‘Integrate disaster preparedness education in school curricula’ – youth solon

KABATAAN Partylist Rep. Raymond Palatino has called on Congress to study the possibility of integrating disaster risk reduction education in the country’s school curricula, as stipulated in Section 14 of Republic Act (RA) 10121 or the Philippine Disaster Risk Reduction Management Act of 2010.

Palatino filed on September 5 House Resolution (HR) No. 2760, which directs the House Committees on Basic Education, Higher and Technical Education, and National Defense to conduct an inquiry in aid of legislation, for the said curricular reform.

In the light of recent disasters and floods, HR 2760 also urges the Department of Education (DepEd) and the Commission on Higher Education (CHED) to require all educational institutions under their jurisdiction to hold flood and typhoon response drills on a regular basis.

“Disaster preparedness drills should not only be done once in a blue moon. These essential life-saving drills should be integrated in the curriculum, and should be done as often as possible,” Palatino said.

Section 14 of RA 10121 mandates DepEd, CHED, and the Technical Education and Skills Development Authority (TESDA) to integrate disaster risk reduction and management education “in the school curricula of secondary and tertiary level of education, including the National Service Training Program (NSTP), whether private or public, including formal and non-formal, technical-vocational, indigenous learning, and out-of-school youth courses and programs.”

Palatino cited the experience of schools in Kamaishi City, Iwate Prefecture, Japan, which shows that giving ample time for disaster management education proves to be invaluable in times of calamities.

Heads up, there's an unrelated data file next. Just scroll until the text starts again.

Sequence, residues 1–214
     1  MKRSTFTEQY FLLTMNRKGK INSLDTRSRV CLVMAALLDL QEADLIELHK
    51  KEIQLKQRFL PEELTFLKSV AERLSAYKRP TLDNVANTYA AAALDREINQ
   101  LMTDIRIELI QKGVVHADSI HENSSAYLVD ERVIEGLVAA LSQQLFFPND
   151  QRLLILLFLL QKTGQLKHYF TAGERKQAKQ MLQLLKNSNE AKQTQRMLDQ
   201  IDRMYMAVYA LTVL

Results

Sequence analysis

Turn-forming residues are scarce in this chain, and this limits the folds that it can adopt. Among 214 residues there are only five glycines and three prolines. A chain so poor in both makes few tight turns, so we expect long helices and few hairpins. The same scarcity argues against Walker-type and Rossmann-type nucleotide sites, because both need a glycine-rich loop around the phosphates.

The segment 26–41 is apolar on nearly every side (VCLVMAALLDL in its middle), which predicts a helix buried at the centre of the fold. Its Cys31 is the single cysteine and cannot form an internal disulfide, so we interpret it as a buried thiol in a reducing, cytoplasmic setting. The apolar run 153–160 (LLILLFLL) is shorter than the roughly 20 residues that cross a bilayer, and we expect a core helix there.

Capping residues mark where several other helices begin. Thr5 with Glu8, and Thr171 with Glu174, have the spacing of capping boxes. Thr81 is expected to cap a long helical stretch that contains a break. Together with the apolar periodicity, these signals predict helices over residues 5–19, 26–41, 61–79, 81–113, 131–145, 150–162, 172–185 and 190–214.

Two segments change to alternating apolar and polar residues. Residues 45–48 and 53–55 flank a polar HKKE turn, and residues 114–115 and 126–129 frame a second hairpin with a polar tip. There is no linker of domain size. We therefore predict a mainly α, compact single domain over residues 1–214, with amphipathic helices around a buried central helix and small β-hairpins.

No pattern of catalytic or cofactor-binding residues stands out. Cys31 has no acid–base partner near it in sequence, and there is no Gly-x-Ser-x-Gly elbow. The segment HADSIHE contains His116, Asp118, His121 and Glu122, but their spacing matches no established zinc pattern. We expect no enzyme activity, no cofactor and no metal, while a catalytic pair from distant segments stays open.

Schools in Kamaishi allot 10 hours a year for disaster management education in both elementary and high school. Said schools teach their students the basics of evacuation by inviting experts in disaster management as advisers to speak to children. Teachers also brought in hazard maps created using data from the 1993 Hokkaido tsunami and held disaster preparedness classes for the students.

During the March 11, 2011 earthquake and tsunami, students were evacuated from the schools in an organized manner. Junior high school students also helped in the evacuation of Kindergarten students and the elderly in the community. Although Kamaishi was struck by the catastrophic tsunami, the great majority of the 3,000 primary and middle school students in the city fled to safety and were physically unhurt.

“This shows how well-trained the students were in facing disasters, thus reducing casualties and minimizing damages,” Palatino said.

At present, DepEd, together with the Department of National Defense and the National Disaster Risk Reduction Management Council, conduct national school-based earthquake and fire drills on a quarterly basis.

“However, current disaster trends necessitate the integration of disaster management education in school curricula. Schools should also make sure that typhoon and flood drills in schools are implemented on a regular basis,” Palatino said.

“It’s better to be safe than sorry. Educating our youth to face natural calamities in a systematic manner will not only minimize damages but save lives,” the youth solon added.


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